For time-lapse pHi and FUCCI imaging, a single Z-plane was collected to avoid excess light, and additional water was added to the stage top incubator at 18 h. For pHi manipulation validation, cells were plated at 20% confluency on a 35-mm imaging dish with a 14-mm glass coverslip and incubated overnight. For Fig. 6, cells were treated with a combination of 15 μM EIPA and 30 μM S0859 (E+S), 1 µM concanamycin A (CMA), 100 mM NaHCO3− (HCO3−) or 20 mM ammonium chloride (NH4Cl) diluted in fresh medium and incubated for 24 h. For Fig. S8, cells were treated with E+S or NH4Cl for 4, 8 or 12 h. Both imaging collection and pHi calculations were completed identically to those for other single-cell pHi measurement experiments. E+S-, HCO3−- and NH4Cl-treated cells with respective controls were corrected for photobleaching by collecting images of cells in nigericin buffers (pH 7.4) with treatment supplemented but without nigericin present.
Images were background-subtracted using a region of interest (ROI) drawn on a glass coverslip (determined by DIC). For pHi quantification, individual ROIs were drawn for each cell in each condition (initial, high pH nigericin and low pH nigericin). For SNARF assays, mean TxRed and SNARF pixel intensities were quantified for each cell and SNARF/TxRed ratios were calculated in Excel software. For mCherry–pHluorin assays, mCherry aggregates were removed using thresholding holes and then pHluorin and mCherry pixel intensities were quantified for each cell. The pHluorin/mCherry ratios were calculated in Excel software. In both cases, a cutoff of 100 arbitrary units (a.u.) was used for both pHluorin and mCherry intensity values after exporting. For each cell, nigericin values were used to generate a standard curve, and pHi was back-calculated from the single-cell standard curve.
For FUCCI analysis, cells were tracked using NIS Elements Advanced Research Software analysis software (Nikon) and nuclear ROIs based on DNA stain. In case of improper tracking, manual tracking was used to redraw ROIs. Manual tracking was also used during mitosis when the signals diffused throughout the cell. mVenus and mCherry intensities were exported from matched single-cell nuclear ROI at each time point over 36 h. Cell cycle phases were determined by mVenus or mCherry fluorescence intensity, adapted from Grant et al. (2018). For each individual cell trace, including subsequent daughter cells, an Excel macro was used to determine time points for mVenus and mCherry cutoffs. G1/S was defined as a decrease in mVenus signal below 5% of maximum mVenus intensity. As validation of G1/S, S phase entry was defined as the first time point after an mCherry minimum that showed a 3% (determined from mCherry maximum) increase in mCherry intensity compared to the previous point. S/G2 was defined as point at which mVenus intensity rose above 2% of the mVenus maximum compared to the previous point. G2/M and M/G1 were defined by nuclear envelope breakdown and division into two daughter cells, respectively.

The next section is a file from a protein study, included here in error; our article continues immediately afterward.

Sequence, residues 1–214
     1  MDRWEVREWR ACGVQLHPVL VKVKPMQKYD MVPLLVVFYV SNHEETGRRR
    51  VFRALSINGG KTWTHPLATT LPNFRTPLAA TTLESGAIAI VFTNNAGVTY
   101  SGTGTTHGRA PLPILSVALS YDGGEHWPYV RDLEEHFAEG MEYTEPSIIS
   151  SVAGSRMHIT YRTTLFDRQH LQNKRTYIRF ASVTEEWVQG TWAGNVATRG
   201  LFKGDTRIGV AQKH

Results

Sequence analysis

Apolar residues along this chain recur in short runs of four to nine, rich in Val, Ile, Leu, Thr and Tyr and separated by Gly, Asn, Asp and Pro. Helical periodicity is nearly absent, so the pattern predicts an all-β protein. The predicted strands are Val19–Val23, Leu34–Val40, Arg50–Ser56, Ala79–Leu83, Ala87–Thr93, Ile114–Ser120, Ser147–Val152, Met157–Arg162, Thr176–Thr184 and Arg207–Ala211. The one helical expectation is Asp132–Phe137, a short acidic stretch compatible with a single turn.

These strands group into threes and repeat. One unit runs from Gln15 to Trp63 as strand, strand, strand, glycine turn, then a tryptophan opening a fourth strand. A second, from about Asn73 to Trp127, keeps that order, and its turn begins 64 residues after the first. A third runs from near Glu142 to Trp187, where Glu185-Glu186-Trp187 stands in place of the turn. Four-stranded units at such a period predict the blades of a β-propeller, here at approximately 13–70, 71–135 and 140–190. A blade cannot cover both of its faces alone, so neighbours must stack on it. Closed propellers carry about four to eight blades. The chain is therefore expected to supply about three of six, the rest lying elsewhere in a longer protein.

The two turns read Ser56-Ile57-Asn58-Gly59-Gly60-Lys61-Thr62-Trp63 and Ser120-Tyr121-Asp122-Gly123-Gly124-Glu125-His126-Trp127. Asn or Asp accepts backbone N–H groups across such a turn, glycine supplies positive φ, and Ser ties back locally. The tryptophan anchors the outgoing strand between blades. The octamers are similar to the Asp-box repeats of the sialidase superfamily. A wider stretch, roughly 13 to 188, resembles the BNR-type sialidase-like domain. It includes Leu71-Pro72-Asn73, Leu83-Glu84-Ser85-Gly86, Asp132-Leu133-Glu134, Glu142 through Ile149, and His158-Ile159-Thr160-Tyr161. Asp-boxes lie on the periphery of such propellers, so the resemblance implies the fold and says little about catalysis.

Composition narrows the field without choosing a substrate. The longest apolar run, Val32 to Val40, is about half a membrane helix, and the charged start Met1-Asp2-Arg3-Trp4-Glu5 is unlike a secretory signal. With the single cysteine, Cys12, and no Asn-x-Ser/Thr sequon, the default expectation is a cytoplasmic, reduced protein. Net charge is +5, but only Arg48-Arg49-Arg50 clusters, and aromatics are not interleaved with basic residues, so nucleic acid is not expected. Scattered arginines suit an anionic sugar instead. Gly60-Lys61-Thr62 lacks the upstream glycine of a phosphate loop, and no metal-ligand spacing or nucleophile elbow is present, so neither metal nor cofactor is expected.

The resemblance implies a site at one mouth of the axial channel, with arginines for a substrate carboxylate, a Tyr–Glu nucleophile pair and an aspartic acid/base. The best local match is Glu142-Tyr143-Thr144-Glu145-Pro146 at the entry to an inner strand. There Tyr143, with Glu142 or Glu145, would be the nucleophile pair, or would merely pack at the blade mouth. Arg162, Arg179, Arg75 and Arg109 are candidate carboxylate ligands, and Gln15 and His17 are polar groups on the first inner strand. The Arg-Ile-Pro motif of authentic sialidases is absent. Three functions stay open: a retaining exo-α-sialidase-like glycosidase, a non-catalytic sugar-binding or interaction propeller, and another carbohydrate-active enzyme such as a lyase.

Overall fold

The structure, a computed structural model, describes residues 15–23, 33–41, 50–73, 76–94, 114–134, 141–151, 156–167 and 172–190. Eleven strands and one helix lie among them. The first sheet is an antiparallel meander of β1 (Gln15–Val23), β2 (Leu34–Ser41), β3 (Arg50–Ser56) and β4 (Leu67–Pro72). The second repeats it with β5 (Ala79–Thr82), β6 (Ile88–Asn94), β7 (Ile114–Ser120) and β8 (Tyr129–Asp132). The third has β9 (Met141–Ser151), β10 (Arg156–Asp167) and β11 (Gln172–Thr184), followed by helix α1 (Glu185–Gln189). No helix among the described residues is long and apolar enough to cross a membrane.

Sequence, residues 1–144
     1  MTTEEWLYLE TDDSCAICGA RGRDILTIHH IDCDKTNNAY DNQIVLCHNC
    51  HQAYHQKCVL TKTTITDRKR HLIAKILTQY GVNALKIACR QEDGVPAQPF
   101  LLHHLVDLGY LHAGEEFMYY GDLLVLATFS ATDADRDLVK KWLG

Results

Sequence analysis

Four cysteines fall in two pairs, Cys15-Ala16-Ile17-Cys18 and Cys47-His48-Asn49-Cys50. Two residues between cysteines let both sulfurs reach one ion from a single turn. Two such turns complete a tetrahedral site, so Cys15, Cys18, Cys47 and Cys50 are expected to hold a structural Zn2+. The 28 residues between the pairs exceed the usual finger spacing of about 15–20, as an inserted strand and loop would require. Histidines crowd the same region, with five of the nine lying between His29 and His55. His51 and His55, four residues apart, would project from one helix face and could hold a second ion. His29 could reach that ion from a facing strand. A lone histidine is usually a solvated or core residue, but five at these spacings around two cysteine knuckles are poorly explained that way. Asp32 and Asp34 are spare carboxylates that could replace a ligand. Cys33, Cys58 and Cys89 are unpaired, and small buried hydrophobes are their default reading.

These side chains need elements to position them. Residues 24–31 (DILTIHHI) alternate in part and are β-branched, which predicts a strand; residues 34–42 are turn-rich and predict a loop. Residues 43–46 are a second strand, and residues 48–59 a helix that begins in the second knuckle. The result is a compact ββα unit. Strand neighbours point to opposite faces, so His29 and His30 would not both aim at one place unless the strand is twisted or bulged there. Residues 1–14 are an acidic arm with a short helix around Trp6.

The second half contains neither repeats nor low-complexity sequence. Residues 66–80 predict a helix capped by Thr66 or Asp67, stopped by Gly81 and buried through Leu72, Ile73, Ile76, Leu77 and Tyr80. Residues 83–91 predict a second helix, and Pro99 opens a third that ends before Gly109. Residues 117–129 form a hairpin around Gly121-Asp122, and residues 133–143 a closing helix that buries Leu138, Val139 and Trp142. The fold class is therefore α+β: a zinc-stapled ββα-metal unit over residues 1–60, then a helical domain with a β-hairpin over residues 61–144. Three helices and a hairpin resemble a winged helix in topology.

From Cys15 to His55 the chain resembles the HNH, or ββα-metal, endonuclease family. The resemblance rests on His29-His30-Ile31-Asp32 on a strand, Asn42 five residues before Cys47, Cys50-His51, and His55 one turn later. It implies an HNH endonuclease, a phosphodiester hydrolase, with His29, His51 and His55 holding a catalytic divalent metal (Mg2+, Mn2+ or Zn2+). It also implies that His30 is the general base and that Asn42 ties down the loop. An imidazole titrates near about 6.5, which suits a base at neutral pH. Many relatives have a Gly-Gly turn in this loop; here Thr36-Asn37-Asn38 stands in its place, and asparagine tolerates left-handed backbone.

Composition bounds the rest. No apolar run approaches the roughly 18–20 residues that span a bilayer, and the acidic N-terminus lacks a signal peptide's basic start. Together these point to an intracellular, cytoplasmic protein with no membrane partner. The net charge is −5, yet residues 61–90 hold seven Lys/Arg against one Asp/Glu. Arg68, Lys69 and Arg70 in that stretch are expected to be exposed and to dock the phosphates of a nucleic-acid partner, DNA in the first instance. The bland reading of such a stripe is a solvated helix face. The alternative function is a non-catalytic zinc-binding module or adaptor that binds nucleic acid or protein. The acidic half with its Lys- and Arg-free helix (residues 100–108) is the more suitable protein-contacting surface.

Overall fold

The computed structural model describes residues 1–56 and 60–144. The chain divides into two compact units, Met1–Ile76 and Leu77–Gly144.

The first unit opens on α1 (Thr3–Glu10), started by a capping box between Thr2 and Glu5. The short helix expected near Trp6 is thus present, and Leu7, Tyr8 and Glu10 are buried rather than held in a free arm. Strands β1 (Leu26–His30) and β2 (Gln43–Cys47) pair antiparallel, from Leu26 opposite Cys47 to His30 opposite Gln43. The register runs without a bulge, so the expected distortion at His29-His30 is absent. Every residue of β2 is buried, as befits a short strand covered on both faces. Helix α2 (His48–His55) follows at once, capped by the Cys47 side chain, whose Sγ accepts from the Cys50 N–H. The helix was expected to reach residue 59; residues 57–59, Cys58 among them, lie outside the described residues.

For γ-H2AX staining, after background subtraction, the nuclear ROIs were drawn based on DNA stain and GFP intensities were exported for each treatment condition.
GraphPad Prism was used to prepare graphs and perform statistical analyses. Normality tests were performed on all data sets as well as outlier test using the ROUT method (Q=1%). For normally distributed data, an unpaired two-tailed t-test (Fig. 5G; Fig. S1A–C) or paired two-tailed t-test (Fig. 2F–H; Fig. 3F–H) was used. A Mann–Whitney test was used for non-normal unpaired data (Figs 1F,G, 6B, 7E–H; Fig. S3C, S4C, S5F, S8). For time-lapse data (Figs 4C,F, 5C,F), a one-sample Wilcoxon test was used, compared to a theoretical mean of 0. For non-normal unpaired data with more than two sets, a Kruskal–Wallis test with Dunn's multiple comparisons test was used (Figs 2D,I, 3D,I; Figs S3A, S4A, S5C,E). Values were binned at 0.02 in all frequency distributions. All significance was indicated in figures by the following: *P<0.05; **P<0.01; ***P<0.001.
We would like to thank Dr Siyuan Zhang (UT Southwestern Medical Center, Dallas, TX, USA) and Dr Diane Barber (University of California San Francisco) for plasmids. We would also like to thank members of the White lab for their helpful feedback on the manuscript. The spinning disk confocal microscope used in this work is a part of the Notre Dame Integrated Imaging Facility (NDIIF). Figure schematics (Figs 1A, 2A, 3A, 6D and 8) created with BioRender.com.
Conceptualization: J.S.S., K.A.W.; Methodology: J.S.S., K.A.W.; Software: J.S.S., K.A.W.; Validation: J.S.S., K.A.W.; Formal analysis: J.S.S., K.A.W.; Investigation: J.S.S., K.A.W.; Resources: K.A.W.; Data curation: J.S.S., K.A.W.; Writing - original draft: J.S.S., K.A.W.; Writing - review & editing: J.S.S., K.A.W.; Visualization: J.S.S., K.A.W.; Supervision: K.A.W.; Project administration: K.A.W.; Funding acquisition: K.A.W.
This work was supported by a National Institutes of Health NIH Director’s New Innovator Award (1DP2CA260416-01) to K.A.W. Open access funding provided by University of Notre Dame. Deposited in PMC for immediate release.
All relevant data can be found within the article and its supplementary information.
The authors declare no competing or financial interests.